Double whammy: First our website was attacked, then Ian took direct aim for Cape Coral. It’s been a rough few weeks, but we are not giving up.
- Shortly after our website was successfully attacked and taken down, the Mercola.com headquarters in Cape Coral, Florida, was hit by yet another challenge, Hurricane Ian
- Our staff resides primarily in Cape Coral, Fort Myers, Naples and surrounding communities, the area of Southwest Florida where Hurricane Ian made landfall as a Category 4 — nearly Category 5 — storm
- Some of our staff and colleagues sheltered in place at our Mercola building during the storm
- We are grateful that all our employees are safe; however, some staff lost vehicles and others have significant damage to their homes, making them unlivable
- We need your help now more than ever as we continue to support our employees and community in rebuilding our homes and businesses
- Be sure you’ve signed up for a free subscription to my Substack so you have access to the vital information we share
- The Mercola Market store is now back up and running; it’s taken an enormous effort, but our fulfillment centers are still able to ship products. If you need anything from the Mercola Market, please help support us.
Shortly after our website was attacked and taken down, the Mercola.com headquarters in Cape Coral, Florida, was hit by yet another challenge, Hurricane Ian. It’s been a rough few weeks, but we’ll make it through stronger than before.
Our staff resides primarily in Cape Coral, Fort Myers, Naples and surrounding communities, the area of Southwest Florida where Hurricane Ian made landfall as a Category 4 — nearly Category 5 — storm. Winds of 155 mph were recorded along with a catastrophic storm surge that rose more than 12 feet above ground level.1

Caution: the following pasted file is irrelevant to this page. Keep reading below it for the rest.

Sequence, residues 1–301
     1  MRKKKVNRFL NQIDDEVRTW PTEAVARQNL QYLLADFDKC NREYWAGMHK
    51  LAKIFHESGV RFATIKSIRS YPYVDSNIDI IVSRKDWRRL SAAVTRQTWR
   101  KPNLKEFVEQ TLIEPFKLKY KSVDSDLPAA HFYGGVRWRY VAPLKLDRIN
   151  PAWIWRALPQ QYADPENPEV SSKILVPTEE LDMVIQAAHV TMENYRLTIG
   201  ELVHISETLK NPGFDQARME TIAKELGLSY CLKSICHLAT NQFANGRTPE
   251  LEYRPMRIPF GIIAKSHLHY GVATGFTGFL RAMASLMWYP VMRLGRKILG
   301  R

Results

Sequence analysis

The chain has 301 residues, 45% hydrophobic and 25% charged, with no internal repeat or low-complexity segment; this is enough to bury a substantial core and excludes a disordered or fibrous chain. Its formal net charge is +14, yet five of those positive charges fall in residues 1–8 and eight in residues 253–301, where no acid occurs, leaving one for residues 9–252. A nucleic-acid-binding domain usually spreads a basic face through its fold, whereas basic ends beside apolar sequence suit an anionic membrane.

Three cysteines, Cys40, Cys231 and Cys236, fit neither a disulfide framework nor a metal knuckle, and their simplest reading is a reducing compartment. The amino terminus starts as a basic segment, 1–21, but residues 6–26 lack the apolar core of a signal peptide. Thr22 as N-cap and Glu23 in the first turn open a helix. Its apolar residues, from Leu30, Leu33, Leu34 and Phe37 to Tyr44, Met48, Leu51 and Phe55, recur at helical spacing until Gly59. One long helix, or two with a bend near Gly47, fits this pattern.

Some areas received nearly 16 inches of rainfall, and millions remain cut off from basic necessities like clean drinking water and electricity. Homes were ripped off their foundations and an unknown number of people have been stranded by floodwater and damaged roadways.2 Many are unaccounted for and missing. A press release from the White House described the natural disaster as “likely to rank among the worst in the nation’s history.”3
During the storm, the city of Cape Coral lost 99% of its power,4 and the Sanibel Causeway, a series of bridges that connect Sanibel Island to Florida’s mainland, was destroyed.5 After almost a week, we still had no power and water was only recently restored. More than 100 people in Florida were killed by Hurricane Ian,6 but the official count is likely going to be much higher than what is currently reported.
All Employees Are Safe, but Many Homes Are Devastated
We are grateful that all our Mercola employees are safe. Some of our staff and colleagues sheltered in place at our Mercola.com headquarters during the storm. However, some staff lost vehicles and others have significant damage to their homes, making them unlivable.
One of our employees whose home is currently uninhabitable is a father to two children under age 5, and expecting twins with his wife any day now. Many of our colleagues have also been displaced and are unable to return to their homes. So to say that this storm has been destructive is an understatement. Some of our staff evacuated the area and will return to streets turned to rubble. It’s difficult to take in the complete annihilation of neighborhoods that stood intact just hours before.
The Mercola.com headquarters ran on a generator for a week and has significant damage to the roof. The storm ripped off the building’s solar panels, damaging the roof along with them, so there are leaks throughout the building. It goes without saying that our offices were closed for a full week.
Most importantly, we’re thankful that everyone made it through, and we have continued to support our employees and the community during this horrific event. Sadly, many in the Ft. Myers/Cape Coral area were not as lucky and have lost their lives. The hurricane and the events that preceded it when our website was attacked have taken a tremendous toll. But make no mistake, we will persevere and come out of this stronger than before.